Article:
Marketing Automation Forms

There’s more to lead capture forms than meets the eye. Most businesses are keen to improve form conversion rates and increase their pipeline volume, the challenge is knowing how to do that.  Marketers often attribute poor conversion rates to an issue with their product or service offering or the volume of traffic they’re driving to their page.  In fact, there are several factors involving the lead capture form itself that might be influencing the volume and quality of your conversions, but these can be really difficult to identify.

Form standardization and efficient deployment are critical success factors when it comes to conversion rates. More often than not though, built-in forms used in marketing automation platforms don’t have the technical capability to deploy and test quickly and effectively.

This is why it’s important that marketers understand why the forms they’re currently using may not be fit for purpose, and more importantly, why they might be negatively affecting conversion rates

A quick example

Using one of’s clients as an example, global imaging and information technology solution provider Canon’s challenge was how to deploy content gating. They’d made a significant investment in content creation, but with no gating strategy in place the company was relying on landing pages and forms built with third-party marketing automation platforms.  

Form development was labour intensive and highly complex. Over large-scale, pan-EMEA campaigns, the costs of deploying forms escalated rapidly leaving their content investment largely under utilized.

Canon found that the forms created within their marketing automation platform weren’t built for scale or regional differences. Minor changes were incredibly labour intensive to deploy and keeping track of where forms were displaying and how they were performing was challenging.

What are the specific problems with built-in marketing automation forms?

There are a few danger zones, particularly for enterprise businesses when it comes to using built-in forms. 

No country-by-country personalization 

Global privacy is a serious issue. Privacy laws vary by jurisdiction and it’s critical that you automate data capture to adhere to the rules and language of each specific country. Most built-in marketing automation forms don’t come with that functionality.

Most built-in forms are HTML

The fact most built-in forms are HTML means that if you’ve built a form and replicated that form across 10 pages on your website for various pieces of gated content, and you then decide you’d like to run a test to see if adding one extra field might impact conversion, that change has to be made manually on every page that hosts your form.  Alternatively, if all your forms were linked to one master template, you could make the change in the master and it would automatically deploy across all 10 pages saving huge amounts of time. 

Inconsistent profile data 

Regional marketing teams often use built-in forms differently.  For example when asking for job title.  Some teams might offer a free text box, others a structured drop down.  Fast forward to monthly reporting on trends in regional buyer persona engagement, this becomes a very difficult task.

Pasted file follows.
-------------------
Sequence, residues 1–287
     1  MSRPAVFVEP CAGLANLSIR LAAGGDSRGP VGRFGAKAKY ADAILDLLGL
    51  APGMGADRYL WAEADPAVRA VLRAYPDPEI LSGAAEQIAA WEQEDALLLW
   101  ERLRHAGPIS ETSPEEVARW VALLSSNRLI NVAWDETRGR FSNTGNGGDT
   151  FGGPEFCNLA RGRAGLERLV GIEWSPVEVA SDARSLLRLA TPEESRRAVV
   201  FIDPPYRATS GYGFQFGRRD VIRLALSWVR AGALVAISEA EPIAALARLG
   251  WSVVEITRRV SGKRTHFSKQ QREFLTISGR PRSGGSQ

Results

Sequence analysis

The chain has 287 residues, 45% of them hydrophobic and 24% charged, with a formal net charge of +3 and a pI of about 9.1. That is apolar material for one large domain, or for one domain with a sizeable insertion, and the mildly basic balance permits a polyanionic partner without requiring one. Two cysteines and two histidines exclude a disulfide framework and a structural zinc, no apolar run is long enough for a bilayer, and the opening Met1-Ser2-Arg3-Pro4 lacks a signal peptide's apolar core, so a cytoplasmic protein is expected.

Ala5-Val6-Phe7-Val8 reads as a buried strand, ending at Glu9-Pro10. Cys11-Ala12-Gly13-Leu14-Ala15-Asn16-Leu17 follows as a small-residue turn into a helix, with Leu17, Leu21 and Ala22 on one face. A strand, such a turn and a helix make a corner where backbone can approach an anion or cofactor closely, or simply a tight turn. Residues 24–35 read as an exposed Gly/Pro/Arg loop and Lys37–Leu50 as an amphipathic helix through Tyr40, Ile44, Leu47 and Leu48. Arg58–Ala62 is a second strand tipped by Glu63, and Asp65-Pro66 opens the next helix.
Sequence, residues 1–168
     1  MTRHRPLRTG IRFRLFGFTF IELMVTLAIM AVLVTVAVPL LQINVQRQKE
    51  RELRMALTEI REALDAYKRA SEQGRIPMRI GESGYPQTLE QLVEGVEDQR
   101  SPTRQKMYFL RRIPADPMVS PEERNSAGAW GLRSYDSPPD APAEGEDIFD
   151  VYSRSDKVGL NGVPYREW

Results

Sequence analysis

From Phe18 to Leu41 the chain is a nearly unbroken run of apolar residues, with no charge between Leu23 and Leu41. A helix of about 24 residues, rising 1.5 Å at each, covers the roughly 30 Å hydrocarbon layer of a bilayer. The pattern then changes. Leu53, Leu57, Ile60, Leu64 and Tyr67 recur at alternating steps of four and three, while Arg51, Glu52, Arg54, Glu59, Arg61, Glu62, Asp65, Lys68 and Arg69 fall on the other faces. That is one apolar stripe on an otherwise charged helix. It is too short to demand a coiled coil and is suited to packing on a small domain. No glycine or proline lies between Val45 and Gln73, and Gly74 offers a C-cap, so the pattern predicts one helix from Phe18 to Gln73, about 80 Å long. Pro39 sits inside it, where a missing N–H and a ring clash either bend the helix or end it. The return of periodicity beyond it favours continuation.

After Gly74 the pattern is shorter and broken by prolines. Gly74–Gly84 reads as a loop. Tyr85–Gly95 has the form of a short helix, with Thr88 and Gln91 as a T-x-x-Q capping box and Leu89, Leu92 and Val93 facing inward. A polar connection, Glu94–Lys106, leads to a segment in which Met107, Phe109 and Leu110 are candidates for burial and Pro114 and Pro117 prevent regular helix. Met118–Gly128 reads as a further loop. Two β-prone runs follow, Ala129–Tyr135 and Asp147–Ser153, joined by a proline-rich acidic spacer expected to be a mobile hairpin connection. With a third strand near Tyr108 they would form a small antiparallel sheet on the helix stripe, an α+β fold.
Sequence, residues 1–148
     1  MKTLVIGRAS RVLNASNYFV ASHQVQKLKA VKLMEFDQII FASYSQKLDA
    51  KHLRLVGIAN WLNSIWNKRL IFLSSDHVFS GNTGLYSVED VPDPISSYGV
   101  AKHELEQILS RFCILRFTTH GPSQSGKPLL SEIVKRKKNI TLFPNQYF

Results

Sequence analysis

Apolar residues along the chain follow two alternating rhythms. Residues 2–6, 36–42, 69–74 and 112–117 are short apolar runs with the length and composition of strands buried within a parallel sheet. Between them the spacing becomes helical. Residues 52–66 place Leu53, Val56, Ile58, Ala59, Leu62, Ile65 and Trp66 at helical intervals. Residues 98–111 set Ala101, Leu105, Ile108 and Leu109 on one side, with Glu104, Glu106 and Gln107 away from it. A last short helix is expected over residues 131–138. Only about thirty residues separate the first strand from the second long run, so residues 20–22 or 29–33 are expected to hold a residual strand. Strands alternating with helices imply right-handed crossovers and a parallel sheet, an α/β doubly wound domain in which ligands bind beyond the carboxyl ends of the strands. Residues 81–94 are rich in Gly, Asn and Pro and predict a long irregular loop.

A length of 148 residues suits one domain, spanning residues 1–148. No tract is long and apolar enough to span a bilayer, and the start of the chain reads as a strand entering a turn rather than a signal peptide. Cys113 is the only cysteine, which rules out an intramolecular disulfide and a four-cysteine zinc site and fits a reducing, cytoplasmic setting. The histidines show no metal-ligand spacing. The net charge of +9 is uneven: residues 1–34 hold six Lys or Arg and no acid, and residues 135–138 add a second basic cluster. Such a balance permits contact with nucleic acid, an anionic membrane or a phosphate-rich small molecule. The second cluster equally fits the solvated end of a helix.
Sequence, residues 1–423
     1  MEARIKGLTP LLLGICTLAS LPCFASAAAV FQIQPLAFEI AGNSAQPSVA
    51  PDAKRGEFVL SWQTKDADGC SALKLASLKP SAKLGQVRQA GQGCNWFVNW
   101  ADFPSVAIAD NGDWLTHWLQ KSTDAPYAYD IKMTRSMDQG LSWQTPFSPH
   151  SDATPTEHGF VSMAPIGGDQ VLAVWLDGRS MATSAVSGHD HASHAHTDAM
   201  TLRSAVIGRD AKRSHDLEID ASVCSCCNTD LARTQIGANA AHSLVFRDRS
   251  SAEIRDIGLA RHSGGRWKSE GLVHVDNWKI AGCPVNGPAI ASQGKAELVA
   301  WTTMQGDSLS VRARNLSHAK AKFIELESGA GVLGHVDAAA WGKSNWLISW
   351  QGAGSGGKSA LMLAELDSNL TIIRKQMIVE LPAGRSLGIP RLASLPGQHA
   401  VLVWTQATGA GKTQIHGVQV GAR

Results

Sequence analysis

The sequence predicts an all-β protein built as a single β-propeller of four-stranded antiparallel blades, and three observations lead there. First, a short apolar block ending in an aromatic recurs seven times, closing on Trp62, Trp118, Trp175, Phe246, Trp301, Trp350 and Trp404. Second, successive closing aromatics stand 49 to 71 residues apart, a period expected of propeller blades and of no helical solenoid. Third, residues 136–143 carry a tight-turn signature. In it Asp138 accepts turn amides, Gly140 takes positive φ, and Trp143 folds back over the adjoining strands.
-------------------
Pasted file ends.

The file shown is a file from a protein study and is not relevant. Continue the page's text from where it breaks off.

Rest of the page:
If profile data isn’t consistently captured across regions, or even across different regional teams, accurate segmentation can’t be carried out which can severely affect marketing performance. Drawing on the job title example above, when testing a new set of messaging with a group segmented by job title, results are highly likely to be skewed and conclusions difficult to draw because the original segmentation wasn’t based on a consistent set of data. 

Inconsistent reporting data 

Consistent reporting data allows us to look at conversion rates or attribute form completions to inbound activity.  Built-in forms can make it impossible to capture that data, for example, if each region has a different method of attribution tracking for each of those forms, using differing UTM parameters you won’t be able to take a holistic view of the most successful channels because the use of a wide variety of UTM parameters means the data isn’t comparable. 

Because of this example and others like it, built-in forms can make data capture for reporting inconsistent and identifying trends from these data sources impossible.  Without access to high quality trends reporting, you can’t make business decisions with any level of confidence, meaning data capture efforts are ultimately pointless. 

Time consuming and expensive deployment process at scale 

As you can see in the example from Canon, as soon as they tried to deploy content at scale, it became a very expensive process. Built in forms are labour intensive, they require standardization and automation in order to work at scale. For Canon, by standardizing their forms and removing the need for technical deployment, they saved in excess of 350 hours on form deployment, representing a £35,000 saving in agency and supplier costs. 

Built-in marketing automation forms work fine for smaller businesses or for companies with limited marketing requirements. But the bottom line is if you’re looking to scale your marketing activity or, like Canon, you’ve made a significant investment in your content strategy it’s critical you carefully consider each step of your form deployment and work on strategies to scale it effectively. 

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